Surveying Clients Part II

http://www.sitepoint.com/blog-post-view.php?id=172099

In last week’s blog, a reader (type0) asked why one should use a colleague to survey clients, and whether compensation is expected.

About compensation: Yes, compensation is expected. In fact, many consulting firms make a practice out of interviewing clients of professional service firms and reporting back results and recommendations.

About whether you should do it yourself:

The short answer is that it depends. An objective colleague often can get your clients to share more information and be more blunt than if you do it yourself. Also, many IT professionals are not great at taking feedback professionally. They tend to get defensive, because they have such a personal stake in their work. And that can hurt the relationship. So an objective colleague keeps things professional.

However, if you know how to take feedback (e.g. ask open ended questions, detach yourself, direct the client to areas that interest you, never argue or defend yourself, never blame the client, be grateful, take each interview as a data point not a statistically valid survey, etc…..) then you can do it yourself. In fact, if you do, and do it professionally, you end up improving relationships more solidly than if you use an outsider.

So it is up to you and your own ability to encourage clients to give open and honest feedback, while taking tough advice like a pro.

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  • http://www.ibasics.biz Dnyarri

    What is the purpose of actually surveying clients?

    After-sale support? Wouldn’t it be better to build an open relationship with them first so they’re comfortable telling you how they really feel?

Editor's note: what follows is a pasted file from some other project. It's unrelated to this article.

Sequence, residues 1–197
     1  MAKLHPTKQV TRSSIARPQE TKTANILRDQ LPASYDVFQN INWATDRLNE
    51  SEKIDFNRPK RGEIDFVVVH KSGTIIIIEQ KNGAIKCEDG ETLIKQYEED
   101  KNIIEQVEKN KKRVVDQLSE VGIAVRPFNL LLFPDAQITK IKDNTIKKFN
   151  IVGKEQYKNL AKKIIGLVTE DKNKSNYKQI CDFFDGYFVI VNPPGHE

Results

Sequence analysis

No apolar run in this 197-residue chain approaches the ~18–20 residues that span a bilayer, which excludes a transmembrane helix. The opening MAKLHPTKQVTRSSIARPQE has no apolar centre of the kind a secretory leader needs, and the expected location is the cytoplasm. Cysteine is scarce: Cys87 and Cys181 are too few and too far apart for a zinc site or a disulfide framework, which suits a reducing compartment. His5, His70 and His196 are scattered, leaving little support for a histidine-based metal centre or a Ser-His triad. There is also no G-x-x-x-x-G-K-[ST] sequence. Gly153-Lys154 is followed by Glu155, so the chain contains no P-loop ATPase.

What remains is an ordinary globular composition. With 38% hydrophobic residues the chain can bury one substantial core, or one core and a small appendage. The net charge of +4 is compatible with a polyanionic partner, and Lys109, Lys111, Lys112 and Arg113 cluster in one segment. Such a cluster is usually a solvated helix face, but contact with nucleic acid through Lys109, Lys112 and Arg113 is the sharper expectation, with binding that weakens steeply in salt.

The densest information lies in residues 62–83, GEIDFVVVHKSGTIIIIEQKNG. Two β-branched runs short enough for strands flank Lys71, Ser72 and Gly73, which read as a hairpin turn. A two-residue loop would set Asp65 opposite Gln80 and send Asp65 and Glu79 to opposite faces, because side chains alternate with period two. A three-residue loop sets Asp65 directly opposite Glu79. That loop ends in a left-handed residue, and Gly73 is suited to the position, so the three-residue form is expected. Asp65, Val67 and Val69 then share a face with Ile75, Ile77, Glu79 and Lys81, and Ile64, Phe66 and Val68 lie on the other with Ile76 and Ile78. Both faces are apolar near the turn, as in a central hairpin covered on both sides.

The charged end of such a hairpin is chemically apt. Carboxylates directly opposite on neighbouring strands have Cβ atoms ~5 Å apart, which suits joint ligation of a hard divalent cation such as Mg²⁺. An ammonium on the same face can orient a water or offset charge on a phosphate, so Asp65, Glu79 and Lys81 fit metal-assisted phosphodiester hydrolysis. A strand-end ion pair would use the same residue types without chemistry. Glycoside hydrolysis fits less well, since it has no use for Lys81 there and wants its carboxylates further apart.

Pre-sales qualifying? Seems like a lot of speculative cost. Are there any numbers on the cost of doing this versus the average returns? It could be a great way to advance your sales efforts… but might hiring a salesperson be more effective?

  • aneitlich

    Regarding Dnyarri’s questions:

    1. The purpose of surveying clients is not so much about the clients but about your own strengths and weaknesses as a company/professional. The other purpose is to get objective feedback about how you are perceived in the market (vs. how you wish you were perceived). Any additional sales are only a fringe benefit — but one that often follows.

    2. It has nothing to do with pre-sales qualifying. Regarding salespeople — see an upcoming article in Sitepoint about that topic.

    3. Surveying is in addition to building an open relationship with them. However, I have found (as have my own consulting clients who are IT professionals) that many clients won’t give objective feedback directly — regardless of how open the relationship is. Also, an outsider who surveys clients tells the client that you are willing to invest in the relationship.

    4. Here are two specific examples of the benefits of doing this: A small consulting firm interviewed clients to assess their overall satisfaction with them. They used an outsider. They found that their entire marketing message needed to be revamped because the surveyed clients revealed a new, more powerful way for them to position their services. This repositioning helped them increase sales and they became an Inc. 500 company two years later. Second, three clients who hadn’t worked with them for a year called after the survey (and a personal thank you from the President of the company) to re-establish the relationship with additional projects.

    Second, a Fortune 1000 IT consulting firm implemented this strategy and attributed an incremental $6 million in sales (from 6 different clients) to this approach.

    Again, you can do this yourself as part of after-delivery support, or you can hire someone to do it for you. I prefer the latter. Either way, surveying clients after any engagement should be part of your methodology if it isn’t already.

    Andrew Neitlich